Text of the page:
According to a former neighbor, Bråthen often acted erratically. During the two years she lived in the house next to him — only 50 meters from the grocery store where the attacks began — the man several times barked at her like a dog, threw trash in the streets to then pick it up, and spouted racist comments to her friend. Several other witnesses have since described him as unstable and a loner.

The man used a bow and arrow to carry the attack

Haykon Mosvold Larsen/NTB Scanpix/ZUMA

Police criticized

Norway, with one of the world's lowest crime rates, is still shaken from the attack — and also questioning what allowed the killer to hunt down and kill even after police were on the scene.

The first reports came around 6 p.m. on Wednesday that a man armed with bow and arrow was shooting inside a grocery store. Only minutes after, the police spotted the suspect; he fired several times against the patrol and then disappeared while reinforcements arrived.

The attack has also fueled a long-existing debate over whether Norwegian police should carry firearms

In the more than 30 minutes that followed before the arrest, four women and one man were killed by arrows and two other weapons — though police have yet to disclose the other arms, daily Aftenposten reports. The sleepy city's 27,000 inhabitants are left wondering how the man managed to evade a full 22 police patrols, and why reports of his radicalization weren't taken more seriously.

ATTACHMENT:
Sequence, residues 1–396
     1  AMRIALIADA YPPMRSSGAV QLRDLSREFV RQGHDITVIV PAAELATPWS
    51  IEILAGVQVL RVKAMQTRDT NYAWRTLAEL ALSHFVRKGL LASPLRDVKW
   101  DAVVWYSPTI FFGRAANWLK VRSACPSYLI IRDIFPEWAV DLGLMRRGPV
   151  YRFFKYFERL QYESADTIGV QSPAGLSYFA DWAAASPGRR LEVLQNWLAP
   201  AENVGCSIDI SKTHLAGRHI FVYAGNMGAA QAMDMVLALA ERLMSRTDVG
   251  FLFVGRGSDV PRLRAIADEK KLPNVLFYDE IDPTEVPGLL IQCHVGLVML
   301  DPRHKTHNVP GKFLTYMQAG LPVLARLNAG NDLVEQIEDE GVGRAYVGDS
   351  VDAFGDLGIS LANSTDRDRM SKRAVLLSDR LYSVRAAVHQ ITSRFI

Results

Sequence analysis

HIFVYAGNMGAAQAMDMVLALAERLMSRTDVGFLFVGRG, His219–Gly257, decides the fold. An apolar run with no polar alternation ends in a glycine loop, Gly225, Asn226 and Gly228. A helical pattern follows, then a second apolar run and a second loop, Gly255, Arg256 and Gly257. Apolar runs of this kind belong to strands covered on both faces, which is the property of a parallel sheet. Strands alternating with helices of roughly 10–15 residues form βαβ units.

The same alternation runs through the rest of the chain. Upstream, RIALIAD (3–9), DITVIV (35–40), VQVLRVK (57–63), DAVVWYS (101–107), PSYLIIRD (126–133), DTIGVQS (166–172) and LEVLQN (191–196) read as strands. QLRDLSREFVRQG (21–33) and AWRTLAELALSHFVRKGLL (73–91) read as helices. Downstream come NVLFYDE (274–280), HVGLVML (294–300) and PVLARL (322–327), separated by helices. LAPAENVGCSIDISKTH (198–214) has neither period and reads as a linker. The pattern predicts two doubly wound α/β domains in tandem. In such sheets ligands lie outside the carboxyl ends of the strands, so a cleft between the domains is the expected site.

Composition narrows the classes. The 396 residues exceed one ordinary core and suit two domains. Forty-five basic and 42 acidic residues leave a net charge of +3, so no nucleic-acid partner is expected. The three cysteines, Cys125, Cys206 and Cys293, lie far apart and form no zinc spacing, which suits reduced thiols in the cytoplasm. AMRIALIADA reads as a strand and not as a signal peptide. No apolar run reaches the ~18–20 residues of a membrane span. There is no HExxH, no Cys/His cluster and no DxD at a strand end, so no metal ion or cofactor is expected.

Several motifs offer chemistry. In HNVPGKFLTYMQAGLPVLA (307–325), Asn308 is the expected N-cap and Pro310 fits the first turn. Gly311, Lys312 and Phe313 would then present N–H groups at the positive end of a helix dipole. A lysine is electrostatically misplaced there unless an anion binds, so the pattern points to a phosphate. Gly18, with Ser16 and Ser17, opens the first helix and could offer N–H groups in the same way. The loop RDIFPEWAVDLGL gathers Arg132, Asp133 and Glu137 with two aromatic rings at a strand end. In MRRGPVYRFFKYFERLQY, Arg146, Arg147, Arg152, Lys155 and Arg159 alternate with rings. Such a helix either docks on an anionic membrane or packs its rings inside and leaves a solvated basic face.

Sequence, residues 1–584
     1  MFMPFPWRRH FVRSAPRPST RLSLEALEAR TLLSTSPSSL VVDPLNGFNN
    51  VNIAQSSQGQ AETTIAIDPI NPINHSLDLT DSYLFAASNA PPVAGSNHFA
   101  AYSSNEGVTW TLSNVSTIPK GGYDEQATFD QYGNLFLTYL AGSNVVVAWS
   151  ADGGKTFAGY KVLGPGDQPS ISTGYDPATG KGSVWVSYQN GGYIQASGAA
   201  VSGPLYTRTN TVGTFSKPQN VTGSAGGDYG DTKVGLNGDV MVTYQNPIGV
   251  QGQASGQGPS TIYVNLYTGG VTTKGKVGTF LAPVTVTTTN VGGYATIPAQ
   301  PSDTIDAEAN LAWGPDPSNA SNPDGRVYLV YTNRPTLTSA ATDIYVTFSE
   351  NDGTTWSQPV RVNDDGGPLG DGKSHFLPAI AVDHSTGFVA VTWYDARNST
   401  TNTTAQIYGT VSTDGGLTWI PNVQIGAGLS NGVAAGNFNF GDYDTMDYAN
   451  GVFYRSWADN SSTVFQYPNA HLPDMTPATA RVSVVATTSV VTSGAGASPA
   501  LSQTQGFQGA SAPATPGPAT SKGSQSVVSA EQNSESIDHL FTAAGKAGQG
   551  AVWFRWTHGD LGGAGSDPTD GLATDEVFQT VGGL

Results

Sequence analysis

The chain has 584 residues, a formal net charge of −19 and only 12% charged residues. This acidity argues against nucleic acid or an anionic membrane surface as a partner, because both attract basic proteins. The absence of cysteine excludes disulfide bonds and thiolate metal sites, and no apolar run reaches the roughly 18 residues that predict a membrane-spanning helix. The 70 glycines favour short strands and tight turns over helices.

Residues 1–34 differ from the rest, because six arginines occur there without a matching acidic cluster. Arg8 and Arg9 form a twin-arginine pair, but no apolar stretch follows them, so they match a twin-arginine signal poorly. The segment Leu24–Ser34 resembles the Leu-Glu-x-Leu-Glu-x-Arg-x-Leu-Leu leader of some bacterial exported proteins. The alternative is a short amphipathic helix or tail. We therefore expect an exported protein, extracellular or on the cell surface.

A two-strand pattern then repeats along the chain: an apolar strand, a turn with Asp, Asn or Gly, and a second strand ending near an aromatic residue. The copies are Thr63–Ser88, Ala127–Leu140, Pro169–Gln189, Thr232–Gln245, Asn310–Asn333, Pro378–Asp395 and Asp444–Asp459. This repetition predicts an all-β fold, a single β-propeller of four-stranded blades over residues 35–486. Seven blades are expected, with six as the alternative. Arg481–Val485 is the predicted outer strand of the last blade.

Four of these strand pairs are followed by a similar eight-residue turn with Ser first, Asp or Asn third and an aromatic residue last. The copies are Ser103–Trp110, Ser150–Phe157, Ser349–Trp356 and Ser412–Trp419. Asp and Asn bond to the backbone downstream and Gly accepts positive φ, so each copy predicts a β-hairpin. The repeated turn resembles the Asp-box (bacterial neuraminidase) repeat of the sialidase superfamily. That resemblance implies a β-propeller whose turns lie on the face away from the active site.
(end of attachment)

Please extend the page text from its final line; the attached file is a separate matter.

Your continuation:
With five people killed and three more injured, Wednesday's killing spree is the worst attack in Norway since far-right extremist Anders Breivik massacred 77 people on the island of Utøya a decade ago.

Unarmed cops

As questions mount over the police response to the attack, with reports suggesting all five people died after law enforcement made first contact with the suspect, local police have said it's willing to submit the information needed to the Bureau of Investigation to start a probe into their conduct. Police confirmed they had fired warning shots in connection to the arrest which, under Norwegian law, often already provides a basis for an assessment.

Wednesday's bloodbath has also fueled a long-existing debate over whether Norwegian police should carry firearms — the small country being one of only 19 globally where law enforcement officers are typically unarmed, though may have access to guns and rifles in certain circumstances.

Magnus Ranstorp, a terrorism expert and professor at the Swedish Defence University, noted that police in similar neighboring countries like Sweden and Denmark carry firearms. "I struggle to understand why Norwegian police are not armed all the time," Ranstorp told Norwegian daily VG. "The lesson from Utøya is that the police must react quickly and directly respond to a perpetrator during a life-threatening incident."